My ever rising heating bill has led me to do a bit of research into ground source geothermal. I found two downsides:
1. I live in one of the two townships in the entire damned state that ban open loop ground source. Great, I've got an aquifer under my house connected to the Great Lakes, and I can't dump the water from it into the river behind my house. No, stupider, I can, I just can't extract heat from it first. Merely running the hose is perfectly legal.
2. The capital cost is quite high, if you don't use open loop.
By the way, I should point out that wood furnaces only run upwards of $10,000 plus if you go the hot water route. Your standard indoor forced air wood burner is a half to a third that price.
What really puzzles me is that nobody seems to offer an absorption style geothermal heat pump.
Optimal furnace size: Can't a furnace run at less that full speed?
Think about fall and spring when the furnace doesn't need to run full out anyway. Why not just operate continuously at less than full blast? Don't the mechanisms for feeding oil or natural gas have any variability to the feed rates? To provide that variability is NOT rocket science. Nor should it be particularly expensive.
Geothermal heat pumps: Would you mind telling which prices you are finding out as potential prices for geothermal heat pumps?
Have you gone to your township elected officials and asked them why this restriction?
Optimal furnace size: Seems to me ideally for comfort the air flow should be continuous with only the amount of heat getting injected and the air speed varying as needed. Basically, heat should be injected as fast as it is lost.
External water boiler wood furnace: A friend just got one installed for $13000. He lives in a rural of Canada and so his regulatory risk is very low.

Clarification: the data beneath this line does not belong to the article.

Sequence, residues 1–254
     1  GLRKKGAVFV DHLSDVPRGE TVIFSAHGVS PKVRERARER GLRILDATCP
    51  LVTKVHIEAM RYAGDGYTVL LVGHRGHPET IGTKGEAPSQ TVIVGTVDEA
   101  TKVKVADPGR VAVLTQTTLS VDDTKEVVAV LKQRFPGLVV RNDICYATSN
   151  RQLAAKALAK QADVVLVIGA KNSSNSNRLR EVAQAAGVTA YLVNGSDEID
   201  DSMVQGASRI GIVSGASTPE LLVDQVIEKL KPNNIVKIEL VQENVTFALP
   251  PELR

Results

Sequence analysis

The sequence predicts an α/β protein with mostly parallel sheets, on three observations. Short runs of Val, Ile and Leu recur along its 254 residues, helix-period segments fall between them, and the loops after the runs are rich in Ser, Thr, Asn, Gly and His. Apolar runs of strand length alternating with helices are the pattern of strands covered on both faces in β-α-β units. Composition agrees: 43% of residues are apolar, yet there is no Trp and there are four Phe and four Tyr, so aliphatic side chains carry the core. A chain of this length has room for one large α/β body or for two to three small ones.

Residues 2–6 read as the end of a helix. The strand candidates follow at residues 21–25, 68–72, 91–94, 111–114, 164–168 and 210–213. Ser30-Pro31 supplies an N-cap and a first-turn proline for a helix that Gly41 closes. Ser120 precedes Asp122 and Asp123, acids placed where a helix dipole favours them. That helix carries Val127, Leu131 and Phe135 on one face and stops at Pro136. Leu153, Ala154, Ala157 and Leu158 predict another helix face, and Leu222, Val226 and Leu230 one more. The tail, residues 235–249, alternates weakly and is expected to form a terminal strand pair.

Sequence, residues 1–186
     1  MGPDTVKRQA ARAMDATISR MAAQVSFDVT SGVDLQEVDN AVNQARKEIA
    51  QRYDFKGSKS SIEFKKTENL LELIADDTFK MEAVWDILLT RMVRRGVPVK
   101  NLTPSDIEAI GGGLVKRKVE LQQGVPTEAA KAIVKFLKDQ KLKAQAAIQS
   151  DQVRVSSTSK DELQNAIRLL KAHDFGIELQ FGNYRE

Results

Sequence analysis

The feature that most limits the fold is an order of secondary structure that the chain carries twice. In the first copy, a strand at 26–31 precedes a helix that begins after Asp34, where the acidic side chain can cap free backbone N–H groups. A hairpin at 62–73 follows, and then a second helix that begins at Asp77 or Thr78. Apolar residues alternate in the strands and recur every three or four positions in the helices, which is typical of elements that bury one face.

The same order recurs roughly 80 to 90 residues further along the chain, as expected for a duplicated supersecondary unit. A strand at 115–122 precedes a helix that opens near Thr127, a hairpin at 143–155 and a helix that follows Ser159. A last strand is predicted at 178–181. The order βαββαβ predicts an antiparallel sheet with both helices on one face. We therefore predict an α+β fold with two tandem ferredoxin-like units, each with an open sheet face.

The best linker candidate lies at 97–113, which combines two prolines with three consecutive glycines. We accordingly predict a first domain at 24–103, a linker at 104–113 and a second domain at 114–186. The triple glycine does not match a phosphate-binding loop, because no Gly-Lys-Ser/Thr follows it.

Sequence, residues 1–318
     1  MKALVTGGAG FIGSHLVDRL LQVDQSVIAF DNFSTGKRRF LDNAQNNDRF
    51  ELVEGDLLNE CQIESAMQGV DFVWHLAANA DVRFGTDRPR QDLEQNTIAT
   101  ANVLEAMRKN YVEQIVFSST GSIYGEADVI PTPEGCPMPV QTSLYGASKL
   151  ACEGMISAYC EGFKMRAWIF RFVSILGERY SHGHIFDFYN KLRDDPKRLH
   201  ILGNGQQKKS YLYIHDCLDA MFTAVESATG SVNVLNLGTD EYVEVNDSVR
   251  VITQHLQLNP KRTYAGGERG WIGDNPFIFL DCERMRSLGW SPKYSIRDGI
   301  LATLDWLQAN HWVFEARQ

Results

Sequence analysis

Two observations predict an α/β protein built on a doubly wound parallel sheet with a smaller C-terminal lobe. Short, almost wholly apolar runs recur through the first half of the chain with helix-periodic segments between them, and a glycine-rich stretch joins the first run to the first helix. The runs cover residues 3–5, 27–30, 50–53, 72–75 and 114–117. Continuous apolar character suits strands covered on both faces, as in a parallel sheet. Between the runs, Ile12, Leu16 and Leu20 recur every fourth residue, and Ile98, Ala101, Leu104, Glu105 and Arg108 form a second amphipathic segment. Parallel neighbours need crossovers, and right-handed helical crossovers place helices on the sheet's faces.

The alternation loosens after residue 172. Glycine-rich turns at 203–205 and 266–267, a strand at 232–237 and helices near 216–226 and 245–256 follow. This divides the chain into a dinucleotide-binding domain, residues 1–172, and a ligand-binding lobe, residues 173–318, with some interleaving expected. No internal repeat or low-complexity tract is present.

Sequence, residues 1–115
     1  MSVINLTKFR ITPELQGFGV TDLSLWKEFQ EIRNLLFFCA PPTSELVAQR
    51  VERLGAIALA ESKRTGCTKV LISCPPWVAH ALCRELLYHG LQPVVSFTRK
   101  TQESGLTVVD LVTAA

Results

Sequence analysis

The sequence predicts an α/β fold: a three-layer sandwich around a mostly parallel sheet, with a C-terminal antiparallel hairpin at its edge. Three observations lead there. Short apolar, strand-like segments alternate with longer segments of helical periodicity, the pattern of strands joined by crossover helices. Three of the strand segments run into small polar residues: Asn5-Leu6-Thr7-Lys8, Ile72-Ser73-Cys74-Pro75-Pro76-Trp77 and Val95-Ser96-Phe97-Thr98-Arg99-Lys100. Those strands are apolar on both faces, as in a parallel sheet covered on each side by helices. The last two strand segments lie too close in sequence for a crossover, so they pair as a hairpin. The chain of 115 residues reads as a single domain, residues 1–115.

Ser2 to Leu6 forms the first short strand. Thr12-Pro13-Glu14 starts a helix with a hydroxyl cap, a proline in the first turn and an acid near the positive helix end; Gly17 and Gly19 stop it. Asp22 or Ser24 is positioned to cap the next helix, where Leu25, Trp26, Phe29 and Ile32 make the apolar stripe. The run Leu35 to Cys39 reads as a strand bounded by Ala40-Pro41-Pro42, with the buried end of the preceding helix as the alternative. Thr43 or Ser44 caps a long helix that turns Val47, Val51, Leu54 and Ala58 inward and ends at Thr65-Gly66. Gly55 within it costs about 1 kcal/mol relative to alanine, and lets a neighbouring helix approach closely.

There are some "two-stage" furnaces that do indeed reduce the severity of the issues that I'm talking about. However, they cost quite a bit more and the thermostat interface is rather primitive.
The Matthew Simmons link is incorrect.
JMG3Y, Thanks for pointing that out. The link is now fixed.
I was wondering specifically what the concern of your local water board (or whatever it is called where you are) has with the geothermal well water exchange system that you desire to build. I can see very big potential problems with having a new set of cowboy well-diggers creating vertical conduits everywhere in a potable drinking water source. However, it wouldn't be hard to say that geothermal well-water exchange systems need to be installed by someone with a well-digger's license and have to be registered and documented with the water board. What problems can a properly installed residential geothermal system possibly cause? Is it just your water board being stupid or is there a legitimate reason?
Open loop systems such as the local township board have prohibited do not threaten water quality in the aquifer, because they don't put the water back into the aquifer, they dump it at the surface. They ARE capable of drawing down an aquifer which isn't being adequately replenished, but that's scarcely a concern in the "Thumb" area of Michigan. Water is about as far from being a scarce resource in this area as it's possible to be without drowning.